New developments in the search for the etiologic agent of Kawasaki disease

Anne H. Rowley*, Stanford T. Shulman

*Corresponding author for this work

Research output: Contribution to journalReview article

48 Scopus citations

Abstract

PURPOSE OF REVIEW: The aim of this article is to review recent developments in the search for the etiologic agent of Kawasaki disease. RECENT FINDINGS: Two recently proposed theories of Kawasaki disease etiology, the toxic shock syndrome toxin-1 hypothesis and the coronavirus NL-63 hypothesis, have been studied extensively and have been disproven. Surprisingly, IgA plasma cells infiltrate inflamed tissues in acute Kawasaki disease, including the coronary artery, and are oligoclonal, or antigen-driven. Synthetic versions of predominant IgA antibodies in acute Kawasaki disease arterial tissue bind to an antigen present in acute Kawasaki disease ciliated bronchial epithelium and in a subset of macrophages in acute inflamed Kawasaki disease tissues. Light and electron microscopic studies of the antigen in acute Kawasaki disease ciliated bronchial epithelium indicate that the Kawasaki disease-associated antigen localizes to cytoplasmic inclusion bodies that are consistent with aggregates of viral protein and associated nucleic acid. SUMMARY: The identification of cytoplasmic inclusion bodies in acute Kawasaki disease ciliated bronchial epithelium has provided direction for future Kawasaki disease etiology studies. Transmission electron microscopic examination of glutaraldehyde-fixed medium-sized bronchi from acute Kawasaki disease fatalities and analysis of the protein and nucleic acid components of the inclusions should provide important information about these inclusion bodies and speed the identification of the specific etiologic agent of Kawasaki disease.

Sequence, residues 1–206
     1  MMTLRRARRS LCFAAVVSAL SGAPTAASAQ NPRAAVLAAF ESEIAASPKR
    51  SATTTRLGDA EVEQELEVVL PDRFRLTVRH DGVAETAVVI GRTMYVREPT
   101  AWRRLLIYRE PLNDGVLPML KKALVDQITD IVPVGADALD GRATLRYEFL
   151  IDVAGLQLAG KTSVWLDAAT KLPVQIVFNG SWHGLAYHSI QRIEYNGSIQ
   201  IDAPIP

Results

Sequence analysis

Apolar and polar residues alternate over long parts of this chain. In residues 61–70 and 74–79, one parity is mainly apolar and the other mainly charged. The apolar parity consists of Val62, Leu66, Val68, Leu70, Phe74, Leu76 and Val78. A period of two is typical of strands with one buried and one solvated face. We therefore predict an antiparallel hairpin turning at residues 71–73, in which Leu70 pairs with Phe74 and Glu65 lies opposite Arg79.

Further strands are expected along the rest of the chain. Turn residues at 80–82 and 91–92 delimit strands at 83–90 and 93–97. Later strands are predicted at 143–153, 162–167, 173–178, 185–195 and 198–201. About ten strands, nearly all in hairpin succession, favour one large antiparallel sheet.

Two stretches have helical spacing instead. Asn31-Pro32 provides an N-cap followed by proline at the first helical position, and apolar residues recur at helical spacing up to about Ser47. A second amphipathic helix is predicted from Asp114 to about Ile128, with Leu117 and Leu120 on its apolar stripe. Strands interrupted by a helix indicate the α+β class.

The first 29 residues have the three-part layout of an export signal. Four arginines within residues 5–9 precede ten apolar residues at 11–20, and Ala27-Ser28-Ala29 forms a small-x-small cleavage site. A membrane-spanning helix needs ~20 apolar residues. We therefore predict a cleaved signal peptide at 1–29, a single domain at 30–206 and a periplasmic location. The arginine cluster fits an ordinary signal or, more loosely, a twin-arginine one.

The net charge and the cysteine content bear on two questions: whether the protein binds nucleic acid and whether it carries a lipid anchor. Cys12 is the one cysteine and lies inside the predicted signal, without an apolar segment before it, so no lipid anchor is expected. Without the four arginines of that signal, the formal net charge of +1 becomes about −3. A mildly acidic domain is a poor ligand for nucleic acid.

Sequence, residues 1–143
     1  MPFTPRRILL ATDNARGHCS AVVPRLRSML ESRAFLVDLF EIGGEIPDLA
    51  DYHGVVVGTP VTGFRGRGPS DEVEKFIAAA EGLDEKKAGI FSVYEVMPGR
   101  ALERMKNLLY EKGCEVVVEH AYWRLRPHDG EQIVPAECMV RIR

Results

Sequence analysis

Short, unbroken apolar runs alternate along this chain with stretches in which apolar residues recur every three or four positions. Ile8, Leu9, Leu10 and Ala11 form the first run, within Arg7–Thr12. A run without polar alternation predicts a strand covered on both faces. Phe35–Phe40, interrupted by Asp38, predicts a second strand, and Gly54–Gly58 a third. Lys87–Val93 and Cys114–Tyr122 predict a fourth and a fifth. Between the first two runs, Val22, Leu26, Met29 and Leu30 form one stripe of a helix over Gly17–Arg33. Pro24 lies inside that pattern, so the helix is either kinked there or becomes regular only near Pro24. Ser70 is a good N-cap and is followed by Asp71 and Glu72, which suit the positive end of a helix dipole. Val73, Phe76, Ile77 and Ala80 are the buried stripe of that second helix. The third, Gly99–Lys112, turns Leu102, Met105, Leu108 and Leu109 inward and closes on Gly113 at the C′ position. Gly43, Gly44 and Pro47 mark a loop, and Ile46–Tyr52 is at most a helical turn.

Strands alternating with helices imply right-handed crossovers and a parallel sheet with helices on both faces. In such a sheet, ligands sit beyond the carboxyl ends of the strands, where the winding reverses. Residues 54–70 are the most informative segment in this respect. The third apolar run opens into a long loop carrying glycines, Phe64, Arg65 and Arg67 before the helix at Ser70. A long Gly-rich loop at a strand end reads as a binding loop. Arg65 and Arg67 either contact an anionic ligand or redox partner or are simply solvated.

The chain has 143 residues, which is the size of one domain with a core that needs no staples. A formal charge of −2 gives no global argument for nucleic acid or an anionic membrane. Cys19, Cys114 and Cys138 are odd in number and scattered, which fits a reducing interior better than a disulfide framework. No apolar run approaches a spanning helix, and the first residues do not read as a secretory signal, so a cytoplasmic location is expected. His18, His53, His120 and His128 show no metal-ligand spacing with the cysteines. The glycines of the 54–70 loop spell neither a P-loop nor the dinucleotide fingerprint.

Original languageEnglish (US)
Pages (from-to)71-74
Number of pages4
JournalCurrent opinion in pediatrics
Volume19
Issue number1
DOIs
StatePublished - Feb 1 2007

Keywords

  • Cytoplasmic inclusion bodies
  • IgA antibody
  • Kawasaki disease
  • Synthetic antibody

ASJC Scopus subject areas

  • Pediatrics, Perinatology, and Child Health

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